Doing the Math

Quality goods plus hands-on personal service equal sales

Stephanie RichardsonStephanie Richardson
I've decided to stop watching The news.
     OK, not all of the news, but a few weeks ago I started to feel like I was watching a broadcast version of "Sybil" - every news cycle seemed to deliver yet another "personality" when describing the economic upturn/downturn. Unemployment numbers are down but really they're up. Things over here are better, but wait - things over there are worse. Consumers are spending money, but wait - not really.
     So I stopped flipping through all the network and cable chaos, stopped using the news to try to put some sort of framework around my business, stopped trying to calculate how I could get into my customers' heads based on what I was seeing on the tube. I started being happier.
     But happy doesn't mean I've buried my head in the sand. I've just started paying more attention to what's going on around me in my world.
     I had this mindset as I trundled off to a "mini-market" in Dallas a few weeks ago. I had done a fair amount of buying in June at the "big" market, thinking that I would be set for the holiday season. But it turns out that my goods have been selling. So I went to walk the showrooms to find products to fill in holes or to extend lines that have been selling.
     Turns out I was one of very, very few attendees. It was desolate. In the Gourmet Market, I heard tales of this being the slowest market in 15 years. One director of sales said he spoke with a total of five customers or potential customers for the entire Saturday he was there.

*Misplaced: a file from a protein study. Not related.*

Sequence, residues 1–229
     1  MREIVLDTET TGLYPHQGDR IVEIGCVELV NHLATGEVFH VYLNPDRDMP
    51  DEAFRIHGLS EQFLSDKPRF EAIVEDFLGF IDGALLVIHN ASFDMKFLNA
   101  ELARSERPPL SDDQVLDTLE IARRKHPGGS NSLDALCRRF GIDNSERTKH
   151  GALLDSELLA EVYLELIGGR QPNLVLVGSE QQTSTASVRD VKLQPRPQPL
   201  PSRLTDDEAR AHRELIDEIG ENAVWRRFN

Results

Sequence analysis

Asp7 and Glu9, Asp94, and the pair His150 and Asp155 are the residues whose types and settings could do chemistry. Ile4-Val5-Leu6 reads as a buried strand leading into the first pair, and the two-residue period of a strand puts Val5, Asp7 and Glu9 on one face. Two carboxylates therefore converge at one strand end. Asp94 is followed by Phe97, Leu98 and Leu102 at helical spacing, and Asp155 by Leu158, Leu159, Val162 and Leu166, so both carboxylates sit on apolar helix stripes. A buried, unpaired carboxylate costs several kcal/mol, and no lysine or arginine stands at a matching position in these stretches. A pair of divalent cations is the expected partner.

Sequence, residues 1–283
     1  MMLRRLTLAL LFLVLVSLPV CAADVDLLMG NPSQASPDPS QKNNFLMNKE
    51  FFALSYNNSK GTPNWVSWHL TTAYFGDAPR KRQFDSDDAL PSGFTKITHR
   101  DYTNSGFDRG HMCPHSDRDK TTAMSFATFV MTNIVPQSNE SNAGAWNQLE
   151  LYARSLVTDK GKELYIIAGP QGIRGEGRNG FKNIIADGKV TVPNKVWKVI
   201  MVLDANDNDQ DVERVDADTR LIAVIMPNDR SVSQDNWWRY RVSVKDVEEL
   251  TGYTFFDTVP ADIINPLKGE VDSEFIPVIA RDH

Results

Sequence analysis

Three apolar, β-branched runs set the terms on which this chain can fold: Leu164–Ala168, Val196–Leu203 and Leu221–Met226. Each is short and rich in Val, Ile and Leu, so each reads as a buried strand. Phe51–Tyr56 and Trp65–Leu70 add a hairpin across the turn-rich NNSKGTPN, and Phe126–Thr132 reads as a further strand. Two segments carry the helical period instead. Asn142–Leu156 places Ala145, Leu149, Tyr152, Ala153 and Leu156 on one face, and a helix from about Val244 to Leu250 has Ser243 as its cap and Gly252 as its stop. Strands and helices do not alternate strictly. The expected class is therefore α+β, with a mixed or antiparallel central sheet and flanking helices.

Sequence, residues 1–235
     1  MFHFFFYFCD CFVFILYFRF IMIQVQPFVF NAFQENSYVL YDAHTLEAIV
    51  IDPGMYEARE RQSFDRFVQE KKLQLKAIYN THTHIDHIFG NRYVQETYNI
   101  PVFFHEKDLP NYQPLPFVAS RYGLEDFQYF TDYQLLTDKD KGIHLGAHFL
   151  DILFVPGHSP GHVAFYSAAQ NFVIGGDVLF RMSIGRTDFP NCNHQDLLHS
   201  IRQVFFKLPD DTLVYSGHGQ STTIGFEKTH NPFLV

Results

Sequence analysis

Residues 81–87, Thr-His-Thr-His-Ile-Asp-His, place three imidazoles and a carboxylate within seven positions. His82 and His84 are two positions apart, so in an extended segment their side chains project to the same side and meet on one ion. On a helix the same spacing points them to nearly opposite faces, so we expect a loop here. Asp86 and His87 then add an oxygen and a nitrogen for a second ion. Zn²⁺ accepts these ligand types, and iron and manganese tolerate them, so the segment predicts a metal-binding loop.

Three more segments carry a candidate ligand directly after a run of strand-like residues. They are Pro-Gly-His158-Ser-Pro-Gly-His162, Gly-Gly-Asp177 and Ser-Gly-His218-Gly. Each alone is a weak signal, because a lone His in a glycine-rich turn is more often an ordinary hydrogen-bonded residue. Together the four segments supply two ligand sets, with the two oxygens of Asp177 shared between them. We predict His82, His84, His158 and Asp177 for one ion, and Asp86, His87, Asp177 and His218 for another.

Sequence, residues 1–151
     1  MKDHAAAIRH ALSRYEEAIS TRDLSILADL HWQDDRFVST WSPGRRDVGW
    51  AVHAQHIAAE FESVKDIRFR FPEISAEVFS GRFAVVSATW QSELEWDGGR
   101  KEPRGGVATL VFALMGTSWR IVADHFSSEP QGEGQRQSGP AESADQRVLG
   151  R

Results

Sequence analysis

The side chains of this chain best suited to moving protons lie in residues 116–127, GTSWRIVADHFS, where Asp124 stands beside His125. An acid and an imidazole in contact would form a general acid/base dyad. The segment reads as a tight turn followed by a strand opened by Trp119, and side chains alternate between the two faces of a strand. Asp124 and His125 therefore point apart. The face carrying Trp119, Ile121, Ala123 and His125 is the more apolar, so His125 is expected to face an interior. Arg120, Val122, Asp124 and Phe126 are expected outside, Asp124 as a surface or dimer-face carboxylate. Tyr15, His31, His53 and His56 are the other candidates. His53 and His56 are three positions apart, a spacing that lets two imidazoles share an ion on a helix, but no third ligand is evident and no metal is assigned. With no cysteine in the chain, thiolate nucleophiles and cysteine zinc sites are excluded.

This same gentleman and I spoke for a bit about what this lack of attendance could mean. Was it that many retailers, like me, had tried to get all the "bang for our attendance buck" back in June and are set for Q4? Is it that retailers feel they don't have the money to buy? And if that's the case, what are they going to have to sell in Q4? It was a bit depressing.Then I had a conversation
     I thought about this situation all during my four-hour drive home, trying to put all this into perspective. Have I spent more money on inventory than I should have for Q4? Should I have been happy with the inventory that I had and just left well enough alone? By the time I got home I was sick with worry.
     Then I had a conversation with a very successful friend of mine who has always been more than generous with wisdom, ideas, encouragement and support. He pointed out that even those who are still buying are buying more and more goods online - which is a situation that we brick-and-mortar folks can't afford to forget.
     Now anyone who knows me for more than a minute, knows that I'm not a math whiz. But suddenly I was adding two and two and getting four.
     The fact is, I have customers who are buying (news cycle be damned). And I can offer them hard goods, but most importantly, I can offer them things they can't get from the Internet.
     I can offer them service. I can offer quality goods at a fair price. I can give them one-on-one attention. I can hold hands-on cooking classes. I can fulfill requests for specialty items. I can remember their names and the names of their husbands/wives/kids. I know whose spouse has a medical condition. I know who is a foodie and who wants to be a foodie (and I know how to empower them to feel like one.) I can help them prepare foods for a dinner party that makes them feel like a hero. And I also have a staff that helps me do all of the things I've just mentioned.
     I don't know how Q4 will turn out for me, or for any of us. But I think it's the human condition that helps us formulate the road to success. I'm not succumbing to gloom and doom and roller-coaster news reports. I'm not ignoring the Internet, but I'm finding a way to work around it. I'm listening to and watching my customers, and I'm trying to follow where they're leading me. And I'm encouraging my employees to do the same.

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